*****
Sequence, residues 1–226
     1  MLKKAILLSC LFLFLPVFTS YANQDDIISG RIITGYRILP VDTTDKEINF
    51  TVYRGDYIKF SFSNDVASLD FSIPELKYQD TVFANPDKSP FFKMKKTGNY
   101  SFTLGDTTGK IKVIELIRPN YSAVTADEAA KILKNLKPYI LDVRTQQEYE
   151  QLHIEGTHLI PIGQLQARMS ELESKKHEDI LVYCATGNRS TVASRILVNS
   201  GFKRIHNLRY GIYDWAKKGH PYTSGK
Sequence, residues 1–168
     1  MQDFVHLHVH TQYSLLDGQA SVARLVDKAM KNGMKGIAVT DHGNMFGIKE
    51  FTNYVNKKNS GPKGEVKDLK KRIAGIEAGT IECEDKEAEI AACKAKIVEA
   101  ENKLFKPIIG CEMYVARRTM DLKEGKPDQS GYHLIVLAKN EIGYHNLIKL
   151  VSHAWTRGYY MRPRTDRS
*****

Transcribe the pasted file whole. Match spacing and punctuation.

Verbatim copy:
Sequence, residues 1–226
     1  MLKKAILLSC LFLFLPVFTS YANQDDIISG RIITGYRILP VDTTDKEINF
    51  TVYRGDYIKF SFSNDVASLD FSIPELKYQD TVFANPDKSP FFKMKKTGNY
   101  SFTLGDTTGK IKVIELIRPN YSAVTADEAA KILKNLKPYI LDVRTQQEYE
   151  QLHIEGTHLI PIGQLQARMS ELESKKHEDI LVYCATGNRS TVASRILVNS
   201  GFKRIHNLRY GIYDWAKKGH PYTSGK
Sequence, residues 1–168
     1  MQDFVHLHVH TQYSLLDGQA SVARLVDKAM KNGMKGIAVT DHGNMFGIKE
    51  FTNYVNKKNS GPKGEVKDLK KRIAGIEAGT IECEDKEAEI AACKAKIVEA
   101  ENKLFKPIIG CEMYVARRTM DLKEGKPDQS GYHLIVLAKN EIGYHNLIKL
   151  VSHAWTRGYY MRPRTDRS